Tuesday, October 22, 2019

Fun and games

I first came across game theory in international relations many years ago. It described the actions of states in terms of rational calculation and behaviour. It has one flaw in explaining the world. If you studied history you would see that states didn't do this. I always felt that it was a theory that failed its empirical tests. I thought it was ludicrously reductionist.

It's floated around economics for a while, but I am not an economist, so can't really comment. However, two devotees of game theory have come to prominence in politics recently. Ianis Varoufakis was one (that went well, didn't it?). And now we have Dominic Cummings driving Brexit strategy. That strategy seems divorced from consequences. The aim is to win, regardless of what is won, or of the collateral damage done on the way. It is amoral in the extreme.

The encouraging thing is that this ruthless pursuit of victory has so far produced nothing but defeats. There is one problem, though. This game only requires one win, the important one. If this were a football league, Johnson could lose every match apart from the last one and still be crowned champion. This might happen yet.

The tactics are simple, the indiscriminate use of the professional foul. The main means is dishonesty. 'Getting Brexit done,' is the latest one. It promises closure while glossing over the years of negotiation from a position of weakness that will dominate politics for years to come. Going over the ball to smash studs into the shins of Parliament is normal practice. The referee - the legal system and constitutional law - is subject to continuous abuse and harassment. The fans are vociferous. The Ultras of the right-wing press, unfurl their banners and scream their taunts at the opponents.The ordinary fans join in and stay loyal throughout. Nobody notices that their numbers are diminishing, what matters is noise. The larger opposition is quieter and more sportsmanlike. Party loyalty is trumping the national interest.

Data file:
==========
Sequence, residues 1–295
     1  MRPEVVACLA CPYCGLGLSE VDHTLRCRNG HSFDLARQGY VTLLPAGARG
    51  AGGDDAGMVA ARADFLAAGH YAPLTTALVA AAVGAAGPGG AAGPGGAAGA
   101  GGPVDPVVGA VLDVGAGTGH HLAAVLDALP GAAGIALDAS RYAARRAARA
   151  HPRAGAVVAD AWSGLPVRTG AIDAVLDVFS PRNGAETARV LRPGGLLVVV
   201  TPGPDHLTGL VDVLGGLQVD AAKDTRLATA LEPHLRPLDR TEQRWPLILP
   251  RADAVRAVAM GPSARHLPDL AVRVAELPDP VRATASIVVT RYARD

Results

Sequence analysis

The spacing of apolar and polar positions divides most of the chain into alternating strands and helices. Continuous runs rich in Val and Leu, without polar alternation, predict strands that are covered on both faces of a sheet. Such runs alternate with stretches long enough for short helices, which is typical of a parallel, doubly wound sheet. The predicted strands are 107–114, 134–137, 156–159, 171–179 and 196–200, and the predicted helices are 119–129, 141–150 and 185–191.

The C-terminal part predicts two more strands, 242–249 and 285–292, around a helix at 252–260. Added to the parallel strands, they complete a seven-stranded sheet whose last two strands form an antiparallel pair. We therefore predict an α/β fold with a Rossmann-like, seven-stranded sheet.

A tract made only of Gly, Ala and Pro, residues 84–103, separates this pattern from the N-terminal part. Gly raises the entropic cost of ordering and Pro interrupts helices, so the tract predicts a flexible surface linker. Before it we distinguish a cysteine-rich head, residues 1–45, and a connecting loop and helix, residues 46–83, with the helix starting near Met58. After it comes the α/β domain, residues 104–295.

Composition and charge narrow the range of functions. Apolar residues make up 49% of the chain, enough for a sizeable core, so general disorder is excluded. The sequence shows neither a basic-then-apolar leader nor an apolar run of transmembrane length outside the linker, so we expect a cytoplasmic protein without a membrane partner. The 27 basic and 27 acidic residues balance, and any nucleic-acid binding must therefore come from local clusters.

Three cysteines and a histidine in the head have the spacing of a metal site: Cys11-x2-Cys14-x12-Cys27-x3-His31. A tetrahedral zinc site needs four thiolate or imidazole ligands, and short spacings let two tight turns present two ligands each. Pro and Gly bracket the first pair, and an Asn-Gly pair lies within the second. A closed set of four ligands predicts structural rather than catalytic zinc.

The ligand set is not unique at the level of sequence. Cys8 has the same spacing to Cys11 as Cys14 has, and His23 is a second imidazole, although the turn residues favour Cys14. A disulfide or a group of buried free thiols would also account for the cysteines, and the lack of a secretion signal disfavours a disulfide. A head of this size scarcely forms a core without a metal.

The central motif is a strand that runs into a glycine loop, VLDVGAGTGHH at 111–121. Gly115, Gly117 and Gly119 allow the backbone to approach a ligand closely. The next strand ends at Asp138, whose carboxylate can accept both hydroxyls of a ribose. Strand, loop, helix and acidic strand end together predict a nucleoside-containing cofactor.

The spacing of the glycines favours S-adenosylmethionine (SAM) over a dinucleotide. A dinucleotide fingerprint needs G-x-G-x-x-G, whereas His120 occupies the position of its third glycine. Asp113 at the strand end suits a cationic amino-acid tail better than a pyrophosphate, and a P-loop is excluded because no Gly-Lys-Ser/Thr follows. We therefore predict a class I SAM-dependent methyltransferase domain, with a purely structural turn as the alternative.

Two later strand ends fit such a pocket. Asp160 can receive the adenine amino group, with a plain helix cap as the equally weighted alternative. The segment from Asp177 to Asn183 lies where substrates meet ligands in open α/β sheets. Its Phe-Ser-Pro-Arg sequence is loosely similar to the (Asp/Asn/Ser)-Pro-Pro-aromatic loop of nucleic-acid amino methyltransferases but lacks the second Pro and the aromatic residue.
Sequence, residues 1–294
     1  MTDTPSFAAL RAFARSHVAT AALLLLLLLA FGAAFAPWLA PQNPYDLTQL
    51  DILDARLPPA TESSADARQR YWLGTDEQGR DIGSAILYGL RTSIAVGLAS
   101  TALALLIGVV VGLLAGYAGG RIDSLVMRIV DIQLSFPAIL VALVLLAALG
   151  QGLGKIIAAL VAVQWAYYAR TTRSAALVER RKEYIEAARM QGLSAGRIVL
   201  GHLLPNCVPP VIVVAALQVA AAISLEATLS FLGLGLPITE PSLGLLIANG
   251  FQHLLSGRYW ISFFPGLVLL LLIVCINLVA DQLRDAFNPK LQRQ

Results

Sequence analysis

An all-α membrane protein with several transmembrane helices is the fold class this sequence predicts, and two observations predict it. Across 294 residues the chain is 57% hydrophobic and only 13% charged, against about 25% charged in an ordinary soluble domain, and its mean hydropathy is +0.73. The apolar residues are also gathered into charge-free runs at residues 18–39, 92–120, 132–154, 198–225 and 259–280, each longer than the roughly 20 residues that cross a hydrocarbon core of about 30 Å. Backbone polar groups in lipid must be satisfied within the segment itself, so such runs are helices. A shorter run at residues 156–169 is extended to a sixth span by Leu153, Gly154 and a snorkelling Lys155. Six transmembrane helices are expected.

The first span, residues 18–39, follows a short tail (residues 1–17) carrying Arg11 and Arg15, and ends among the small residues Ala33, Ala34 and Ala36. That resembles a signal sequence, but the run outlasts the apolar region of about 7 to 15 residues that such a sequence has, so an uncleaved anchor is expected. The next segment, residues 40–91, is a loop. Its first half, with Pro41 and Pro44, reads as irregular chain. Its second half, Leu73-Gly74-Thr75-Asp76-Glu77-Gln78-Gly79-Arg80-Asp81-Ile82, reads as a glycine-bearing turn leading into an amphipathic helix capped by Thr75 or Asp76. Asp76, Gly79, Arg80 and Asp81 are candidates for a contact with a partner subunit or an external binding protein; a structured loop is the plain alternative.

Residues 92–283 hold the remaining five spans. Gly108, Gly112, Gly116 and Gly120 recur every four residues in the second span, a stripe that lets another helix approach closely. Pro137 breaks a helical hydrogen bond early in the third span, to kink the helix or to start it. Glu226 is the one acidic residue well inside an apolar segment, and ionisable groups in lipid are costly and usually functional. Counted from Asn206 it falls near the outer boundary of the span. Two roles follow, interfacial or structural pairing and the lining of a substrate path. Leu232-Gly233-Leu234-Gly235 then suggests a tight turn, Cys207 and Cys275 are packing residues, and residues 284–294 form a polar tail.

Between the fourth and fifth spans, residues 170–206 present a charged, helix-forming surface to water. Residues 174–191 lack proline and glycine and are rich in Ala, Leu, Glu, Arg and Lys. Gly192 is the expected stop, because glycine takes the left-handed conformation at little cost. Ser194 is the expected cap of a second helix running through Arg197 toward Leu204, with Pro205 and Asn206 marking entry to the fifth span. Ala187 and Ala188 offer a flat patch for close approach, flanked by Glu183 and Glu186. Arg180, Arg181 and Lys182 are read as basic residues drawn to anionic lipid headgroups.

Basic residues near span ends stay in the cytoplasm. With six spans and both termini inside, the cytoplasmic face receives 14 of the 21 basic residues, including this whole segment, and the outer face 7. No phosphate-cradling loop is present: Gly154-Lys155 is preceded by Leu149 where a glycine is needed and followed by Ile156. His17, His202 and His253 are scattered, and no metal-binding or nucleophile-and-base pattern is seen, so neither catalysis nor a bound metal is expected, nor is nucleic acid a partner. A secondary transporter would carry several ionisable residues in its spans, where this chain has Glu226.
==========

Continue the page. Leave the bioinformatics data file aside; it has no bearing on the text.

If they do win, there will be a moment of triumph. The trophy will be lifted to the roars of their fans, and the muttered hatred of everyone else. They will face the consequences of their victory - opprobrium and eventual relegation. The game itself will be damaged as foul tactics will have been legitimised. But still, that trophy will be in the cabinet.

The trouble is, politics is not a game. It's the way that we manage our public lives. The rules are important. Policies have real impacts on real lives. Brexit is not a prize. It is the complete resetting of our economics and of our international relations. It has huge consequences for people's lives. The evidence is unequivocal. It will damage the UK economy. People will lose out. It will hurt British citizens in the EU (like ones with a house in Greece!). It will endanger peace in Northern Ireland. It does risk the future of Gibraltar. It does threaten the Union. What's more, two years of polling shows a consistent majority for remaining in the EU. We have the largest pro-European movement on the continent. Remain can bring a million people on to the streets, Leave a few hundred at best. It needs careful consideration, not a sporting contest to decide it.

Brexit is the obsession of small groups of sectarian political hobbyists of left and right. It always was a fringe belief of little relevance to most people. But it was the Conservative party that kept it alive and brought it on us through a monstrous miscalculation by Cameron. It has died as a meaningful policy. But the corpse is still twitching. This is its last chance. Within a short time it would have been buried with a stake through its heart. The irony is that the cup may be paraded in the decaying hands of a zombie.

1 comment:

AndyH said...

Here, here. Agree with everything you say here Peter. We live in sorry times.